Patent Owner (Provisur Technologies) requested authorization to file a motion to strike portions of Petitioner’s (Weber, Inc.) Reply and certain evidence submitted therewith, which Petitioner opposed. Patent Owner argued that parts of the Reply, and corresponding evidence, should be stricken because those portions contained improper new arguments that went beyond the scope of the Petition. Petitioner responded that its Reply arguments were responsive to topics and issues that Patent Owner first raised in its Patent Owner Response, or were the same as arguments originally made in the Petition. The Board sided with Petitioner, stating that Patent Owner did not provide adequate justification for a motion to strike.
In its reasoning the Board stated that, Patent Owner waited 13 days before seeking authorization to file the motion to strike, 6 days longer than the Board generally allowed to request authorization to file a motion to strike, where the PTAB Trial Practice Guide (at page 80) suggests that “motions to strike should be requested within one week of the allegedly improper submission.” Patent Owner argued it needed the additional time to “sift through” the new arguments in the Reply. But the Patent Owner did not explain what additional work was required, nor did it contact the Board to request an extension.
Additionally, the Board found that Patent Owner did not provide a persuasive explanation for why the motion to strike was appropriate. Under the Trial Practice Guide, the Board’s typical practice is to identify at the close of trial whether arguments or evidence were presented too late, and striking a portion of a brief during trial is reserved for the exceptional case where the violation is clear or the prejudice is great. The Board stated that 1) Patent Owner did not show why this this would be an exceptional case where the Board should depart from the usual practice, 2) based on the Board’s review of the complained-of portions of the Reply, and the parties’ arguments it was not beyond dispute or clear that the arguments were improper new arguments, and 3) Patent Owner’s alleged prejudice (that it will not have the opportunity to present new evidence to rebut the new arguments with in its Sur-Reply or at the hearing) was too generalized to justify a motion to strike because the prejudice is present in every case where a reply brief contains new arguments.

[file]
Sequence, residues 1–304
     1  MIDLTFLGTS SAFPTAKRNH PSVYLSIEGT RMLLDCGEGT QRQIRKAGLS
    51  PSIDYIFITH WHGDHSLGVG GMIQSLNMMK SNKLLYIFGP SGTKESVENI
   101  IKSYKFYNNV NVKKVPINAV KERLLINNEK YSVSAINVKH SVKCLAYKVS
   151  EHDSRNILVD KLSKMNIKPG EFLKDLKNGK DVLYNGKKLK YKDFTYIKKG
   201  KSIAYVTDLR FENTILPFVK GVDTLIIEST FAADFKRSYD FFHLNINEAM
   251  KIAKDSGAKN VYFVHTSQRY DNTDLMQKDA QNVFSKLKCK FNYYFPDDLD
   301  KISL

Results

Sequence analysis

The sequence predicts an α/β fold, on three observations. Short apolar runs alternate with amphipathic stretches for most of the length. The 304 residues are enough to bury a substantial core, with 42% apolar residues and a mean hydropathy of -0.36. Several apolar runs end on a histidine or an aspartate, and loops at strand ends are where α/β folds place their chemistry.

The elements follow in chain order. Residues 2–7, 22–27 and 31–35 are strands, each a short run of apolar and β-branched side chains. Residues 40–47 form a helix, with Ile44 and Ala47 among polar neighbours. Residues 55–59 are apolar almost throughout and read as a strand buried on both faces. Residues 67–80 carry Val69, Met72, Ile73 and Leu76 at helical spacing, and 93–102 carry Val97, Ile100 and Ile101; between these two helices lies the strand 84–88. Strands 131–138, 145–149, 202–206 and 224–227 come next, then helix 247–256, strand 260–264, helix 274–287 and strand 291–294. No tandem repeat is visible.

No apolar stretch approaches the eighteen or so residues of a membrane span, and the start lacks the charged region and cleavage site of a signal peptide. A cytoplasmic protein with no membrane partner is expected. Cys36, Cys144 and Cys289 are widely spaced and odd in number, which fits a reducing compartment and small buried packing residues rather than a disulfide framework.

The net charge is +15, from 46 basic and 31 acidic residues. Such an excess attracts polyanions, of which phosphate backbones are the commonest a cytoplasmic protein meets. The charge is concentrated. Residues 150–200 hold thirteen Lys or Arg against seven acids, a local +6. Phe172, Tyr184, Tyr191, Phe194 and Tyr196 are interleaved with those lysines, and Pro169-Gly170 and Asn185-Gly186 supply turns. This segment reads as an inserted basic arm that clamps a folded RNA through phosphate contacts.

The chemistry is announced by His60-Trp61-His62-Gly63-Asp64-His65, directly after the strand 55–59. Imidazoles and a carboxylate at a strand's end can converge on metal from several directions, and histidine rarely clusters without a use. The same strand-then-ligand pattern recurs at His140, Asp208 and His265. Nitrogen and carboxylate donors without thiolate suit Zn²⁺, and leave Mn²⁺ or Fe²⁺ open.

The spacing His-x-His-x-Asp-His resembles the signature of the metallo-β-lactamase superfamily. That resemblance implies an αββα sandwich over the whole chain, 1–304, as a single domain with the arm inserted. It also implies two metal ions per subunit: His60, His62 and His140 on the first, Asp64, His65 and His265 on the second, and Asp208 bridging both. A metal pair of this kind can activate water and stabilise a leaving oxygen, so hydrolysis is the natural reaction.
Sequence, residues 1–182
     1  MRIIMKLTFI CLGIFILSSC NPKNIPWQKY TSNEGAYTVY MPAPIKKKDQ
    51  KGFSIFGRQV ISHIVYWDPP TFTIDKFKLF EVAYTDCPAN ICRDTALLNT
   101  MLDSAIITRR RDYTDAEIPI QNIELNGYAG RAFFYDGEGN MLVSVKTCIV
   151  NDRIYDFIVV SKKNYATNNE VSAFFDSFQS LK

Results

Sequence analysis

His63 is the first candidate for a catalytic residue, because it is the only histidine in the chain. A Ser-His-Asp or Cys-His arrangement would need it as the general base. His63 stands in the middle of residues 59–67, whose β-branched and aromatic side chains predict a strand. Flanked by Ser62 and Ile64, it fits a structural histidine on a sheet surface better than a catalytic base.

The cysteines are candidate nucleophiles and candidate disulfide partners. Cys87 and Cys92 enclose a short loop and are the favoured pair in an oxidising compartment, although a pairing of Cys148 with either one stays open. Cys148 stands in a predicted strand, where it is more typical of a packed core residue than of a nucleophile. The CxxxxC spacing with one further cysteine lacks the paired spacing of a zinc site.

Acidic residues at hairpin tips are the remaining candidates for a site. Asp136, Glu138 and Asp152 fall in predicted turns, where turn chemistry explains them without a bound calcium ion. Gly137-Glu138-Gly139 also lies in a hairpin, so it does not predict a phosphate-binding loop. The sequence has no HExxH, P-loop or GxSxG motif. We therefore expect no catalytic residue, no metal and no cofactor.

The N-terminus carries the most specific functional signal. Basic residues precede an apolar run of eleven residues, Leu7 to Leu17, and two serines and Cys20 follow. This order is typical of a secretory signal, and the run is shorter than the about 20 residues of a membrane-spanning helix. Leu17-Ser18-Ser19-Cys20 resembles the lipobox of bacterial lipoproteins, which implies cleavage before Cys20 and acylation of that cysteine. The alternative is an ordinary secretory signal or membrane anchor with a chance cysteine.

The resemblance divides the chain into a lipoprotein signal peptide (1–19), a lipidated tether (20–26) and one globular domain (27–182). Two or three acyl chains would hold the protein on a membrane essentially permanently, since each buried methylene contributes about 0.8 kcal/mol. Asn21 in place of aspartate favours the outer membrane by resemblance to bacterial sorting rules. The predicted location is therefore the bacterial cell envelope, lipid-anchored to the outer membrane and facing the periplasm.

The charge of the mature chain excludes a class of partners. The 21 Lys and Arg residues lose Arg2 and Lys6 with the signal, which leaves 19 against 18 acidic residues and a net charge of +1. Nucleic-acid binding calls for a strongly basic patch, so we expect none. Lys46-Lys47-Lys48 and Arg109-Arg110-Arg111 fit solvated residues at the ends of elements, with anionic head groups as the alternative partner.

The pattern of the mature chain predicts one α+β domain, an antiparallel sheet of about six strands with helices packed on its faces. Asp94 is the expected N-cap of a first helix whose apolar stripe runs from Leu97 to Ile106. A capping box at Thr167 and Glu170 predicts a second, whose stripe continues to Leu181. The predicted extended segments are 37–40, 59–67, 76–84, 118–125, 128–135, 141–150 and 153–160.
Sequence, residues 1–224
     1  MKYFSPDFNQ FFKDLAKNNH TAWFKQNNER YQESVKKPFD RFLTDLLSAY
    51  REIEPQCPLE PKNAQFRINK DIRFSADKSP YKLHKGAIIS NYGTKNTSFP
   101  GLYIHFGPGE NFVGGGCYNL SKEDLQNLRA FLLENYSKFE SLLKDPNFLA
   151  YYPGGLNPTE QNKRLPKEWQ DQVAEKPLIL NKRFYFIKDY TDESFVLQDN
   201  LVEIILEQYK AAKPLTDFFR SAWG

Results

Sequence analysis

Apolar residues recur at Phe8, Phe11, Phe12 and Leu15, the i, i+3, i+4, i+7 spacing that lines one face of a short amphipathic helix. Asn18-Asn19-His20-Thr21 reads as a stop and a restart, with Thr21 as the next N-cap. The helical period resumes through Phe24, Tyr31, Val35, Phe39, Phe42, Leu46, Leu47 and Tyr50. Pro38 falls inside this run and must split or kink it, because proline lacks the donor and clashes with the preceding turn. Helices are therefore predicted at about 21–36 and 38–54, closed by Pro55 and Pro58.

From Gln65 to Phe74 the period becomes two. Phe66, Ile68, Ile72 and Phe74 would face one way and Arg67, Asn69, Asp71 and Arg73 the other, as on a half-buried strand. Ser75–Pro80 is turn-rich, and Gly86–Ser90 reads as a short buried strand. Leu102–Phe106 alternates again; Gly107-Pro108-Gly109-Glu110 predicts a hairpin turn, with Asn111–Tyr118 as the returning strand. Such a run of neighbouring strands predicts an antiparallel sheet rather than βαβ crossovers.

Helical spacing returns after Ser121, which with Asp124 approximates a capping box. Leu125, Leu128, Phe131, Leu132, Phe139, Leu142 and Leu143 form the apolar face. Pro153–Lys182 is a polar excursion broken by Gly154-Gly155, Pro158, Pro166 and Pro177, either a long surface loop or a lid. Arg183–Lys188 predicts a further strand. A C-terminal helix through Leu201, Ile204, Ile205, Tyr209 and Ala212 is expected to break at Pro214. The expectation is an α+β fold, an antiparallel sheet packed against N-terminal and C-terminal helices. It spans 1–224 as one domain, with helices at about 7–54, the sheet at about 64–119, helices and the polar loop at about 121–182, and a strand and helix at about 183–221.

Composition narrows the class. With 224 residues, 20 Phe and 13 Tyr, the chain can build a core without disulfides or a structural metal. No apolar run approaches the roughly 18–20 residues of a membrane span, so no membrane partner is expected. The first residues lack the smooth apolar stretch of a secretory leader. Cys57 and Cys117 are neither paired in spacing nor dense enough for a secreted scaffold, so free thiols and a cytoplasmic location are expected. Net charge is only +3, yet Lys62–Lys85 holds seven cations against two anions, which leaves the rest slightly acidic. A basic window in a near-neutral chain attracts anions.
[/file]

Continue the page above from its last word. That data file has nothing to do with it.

In conclusion, the Board expressed that Patent Owner was free to argue that certain portions of the Reply should be disregarded in its Sur-Reply or at the hearing.
Patent Owners seeking authorization to file motions to strike in the future should 1) make sure the authorization is timely, and 2) ensure that they show a specific, exceptional prejudice. If Patent Owners cannot do either of the above, they should consider waiting to raise these arguments in a Sur-Reply or at the hearing.